JEAN SCHMIDT
Allowing more efficient trucks could drive the economy

August 25th, 2011    Author: Administrator    Filed Under: Opinion

Jean Schmidt

Serious challenges face our aging interstate highway system. If we are going to reduce congestion and improve safety without increasing taxes or spending, we need to make our existing infrastructure more efficient.

I was pleased to join Congressman Michael Michaud in introducing H.R. 763, the Safe and Efficient Transportation Act. Known as SETA, it would allow trucks that are more productive to use interstate highways – and that could boost economic growth.

Generally, only trucks carrying 80,000 pounds or less are legally permitted on interstate highways. Federal weight standards have not been updated since 1982, and they are hurting both our environment and economy. The current weight limit forces many trucks to leave loading docks only partially full. This leads to more trucks on highways, more congestion, more wear and tear on roads, and wasted fuel.

SETA would help alleviate these problems by allowing states to raise weight limits from 80,000 pounds to 97,000 pounds – but only for single-trailer trucks equipped with six axles, and only on designated routes. The sixth axle on these trucks compensates for the additional weight by maintaining braking and handling standards – without making the vehicle any bigger or longer.

One of the biggest misconceptions is that SETA would be bad for roads. It’s time to set the record straight.

Enacting SETA would make our highways safer. The biggest contributor to accident rates is the vehicle miles that trucks travel – not the weight they haul. Since the United Kingdom raised its weight limit to 97,000 pounds for six-axle trucks in 2001, it has experienced exactly what we need in the United States. More freight has been shipped, but vehicle miles traveled have leveled off and the rate of fatal truck-related accidents has declined by 35 percent.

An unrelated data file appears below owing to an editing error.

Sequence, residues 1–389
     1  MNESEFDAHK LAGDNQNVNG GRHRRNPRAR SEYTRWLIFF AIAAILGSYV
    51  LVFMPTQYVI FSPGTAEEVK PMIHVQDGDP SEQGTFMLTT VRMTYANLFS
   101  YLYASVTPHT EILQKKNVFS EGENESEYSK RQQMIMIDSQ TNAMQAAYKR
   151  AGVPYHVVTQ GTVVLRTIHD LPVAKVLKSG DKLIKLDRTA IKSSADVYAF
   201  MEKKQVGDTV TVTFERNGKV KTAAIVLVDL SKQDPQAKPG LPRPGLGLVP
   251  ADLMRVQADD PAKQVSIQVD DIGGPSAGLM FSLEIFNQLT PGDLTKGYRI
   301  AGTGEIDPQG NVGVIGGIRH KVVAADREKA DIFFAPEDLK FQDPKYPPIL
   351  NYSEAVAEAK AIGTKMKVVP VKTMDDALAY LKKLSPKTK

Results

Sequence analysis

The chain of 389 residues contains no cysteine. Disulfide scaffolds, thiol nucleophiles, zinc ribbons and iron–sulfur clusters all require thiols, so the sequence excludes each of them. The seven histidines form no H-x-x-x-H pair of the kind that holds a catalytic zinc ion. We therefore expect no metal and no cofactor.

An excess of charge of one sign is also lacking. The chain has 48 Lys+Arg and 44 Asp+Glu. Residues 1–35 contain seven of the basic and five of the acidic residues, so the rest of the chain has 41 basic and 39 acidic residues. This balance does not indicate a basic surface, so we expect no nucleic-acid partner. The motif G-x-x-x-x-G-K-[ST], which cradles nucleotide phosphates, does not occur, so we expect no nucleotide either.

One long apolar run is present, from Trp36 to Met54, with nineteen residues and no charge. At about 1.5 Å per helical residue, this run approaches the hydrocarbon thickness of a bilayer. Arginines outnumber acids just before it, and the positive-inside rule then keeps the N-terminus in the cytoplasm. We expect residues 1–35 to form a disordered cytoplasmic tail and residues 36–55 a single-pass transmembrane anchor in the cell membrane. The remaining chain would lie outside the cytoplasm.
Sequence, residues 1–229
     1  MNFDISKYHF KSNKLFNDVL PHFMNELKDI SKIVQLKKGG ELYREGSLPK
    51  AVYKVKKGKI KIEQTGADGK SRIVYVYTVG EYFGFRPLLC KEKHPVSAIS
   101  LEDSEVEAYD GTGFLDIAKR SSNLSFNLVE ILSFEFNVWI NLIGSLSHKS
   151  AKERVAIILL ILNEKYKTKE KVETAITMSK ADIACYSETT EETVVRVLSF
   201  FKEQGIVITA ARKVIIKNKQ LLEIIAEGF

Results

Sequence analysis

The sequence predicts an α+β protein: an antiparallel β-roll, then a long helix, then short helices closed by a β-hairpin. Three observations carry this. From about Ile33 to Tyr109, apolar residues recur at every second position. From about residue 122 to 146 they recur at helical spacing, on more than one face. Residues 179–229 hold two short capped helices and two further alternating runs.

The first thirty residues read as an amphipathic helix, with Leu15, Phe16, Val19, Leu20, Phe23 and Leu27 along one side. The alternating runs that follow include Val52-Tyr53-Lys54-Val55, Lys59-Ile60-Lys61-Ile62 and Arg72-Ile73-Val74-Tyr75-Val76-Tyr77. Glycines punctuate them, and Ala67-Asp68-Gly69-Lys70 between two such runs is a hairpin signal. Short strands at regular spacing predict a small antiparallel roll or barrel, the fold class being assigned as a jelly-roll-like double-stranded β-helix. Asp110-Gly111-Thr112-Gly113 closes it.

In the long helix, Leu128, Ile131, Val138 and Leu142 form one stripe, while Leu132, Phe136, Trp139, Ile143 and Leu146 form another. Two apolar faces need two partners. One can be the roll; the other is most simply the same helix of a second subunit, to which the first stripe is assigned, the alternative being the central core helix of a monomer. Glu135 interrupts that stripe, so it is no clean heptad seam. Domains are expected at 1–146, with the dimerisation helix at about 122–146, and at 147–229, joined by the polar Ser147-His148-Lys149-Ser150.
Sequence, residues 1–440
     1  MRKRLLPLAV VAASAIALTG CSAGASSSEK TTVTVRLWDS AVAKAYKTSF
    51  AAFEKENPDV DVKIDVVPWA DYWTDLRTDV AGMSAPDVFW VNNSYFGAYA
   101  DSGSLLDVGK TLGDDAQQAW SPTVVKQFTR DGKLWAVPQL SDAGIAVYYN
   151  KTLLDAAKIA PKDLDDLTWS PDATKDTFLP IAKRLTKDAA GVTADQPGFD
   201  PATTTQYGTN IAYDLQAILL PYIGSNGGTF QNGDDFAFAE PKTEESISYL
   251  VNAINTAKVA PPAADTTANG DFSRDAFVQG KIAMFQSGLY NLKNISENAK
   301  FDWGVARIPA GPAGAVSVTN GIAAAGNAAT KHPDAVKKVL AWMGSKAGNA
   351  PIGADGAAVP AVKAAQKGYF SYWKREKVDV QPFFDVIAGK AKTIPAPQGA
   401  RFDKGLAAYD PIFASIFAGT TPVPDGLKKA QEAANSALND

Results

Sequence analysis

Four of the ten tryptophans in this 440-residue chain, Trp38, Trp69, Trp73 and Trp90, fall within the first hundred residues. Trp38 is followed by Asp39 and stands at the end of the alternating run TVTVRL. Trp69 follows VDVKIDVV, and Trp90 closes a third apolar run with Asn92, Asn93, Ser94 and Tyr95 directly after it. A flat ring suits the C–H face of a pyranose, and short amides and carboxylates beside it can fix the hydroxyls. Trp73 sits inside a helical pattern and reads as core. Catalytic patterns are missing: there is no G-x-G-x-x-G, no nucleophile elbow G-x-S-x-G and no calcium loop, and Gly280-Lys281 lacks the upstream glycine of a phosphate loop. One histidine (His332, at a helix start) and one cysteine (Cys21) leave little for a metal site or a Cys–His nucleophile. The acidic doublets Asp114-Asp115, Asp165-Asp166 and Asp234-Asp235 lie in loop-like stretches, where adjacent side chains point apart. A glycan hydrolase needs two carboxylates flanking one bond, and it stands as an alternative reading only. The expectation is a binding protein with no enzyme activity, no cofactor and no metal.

SETA would also help grow our economy by making the shipment of goods more efficient and leveling the playing field for U.S. companies. One business example speaks volumes about the bill’s potential to have a positive impact. Under full implementation of SETA, MillerCoors would need 2,000 fewer trucks each week to meet current demand – eliminating more than 1 million weekly vehicle miles traveled.

Additionally, the U.S. vehicle weight limit is the lowest of all our major trading partners. Canada, Mexico, and most European countries all have higher vehicle weight limits of at least 97,000 pounds – putting the United States at a severe productivity disadvantage and complicating cross-border exchange.

Finally, more efficient truck transportation also has clear environmental benefits. Six-axle trucks carrying 97,000 pounds get 17 percent more ton-miles per gallon than trucks currently on our interstates. SETA would reduce our carbon footprint and allow businesses across the country to immediately minimize their environmental impact. Kraft Foods, for example, would save more than 6 million gallons of fuel nationwide and annually eliminate 73,000 tons of carbon emissions.

Six-axle trucks can safely ship more freight. And they are already in use around the globe. SETA is a safe way to get the most from our highways and promote economic growth at a time when we need it most.

Jean Schmidt is the U.S. Congresswoman serving Ohio’s Second District.

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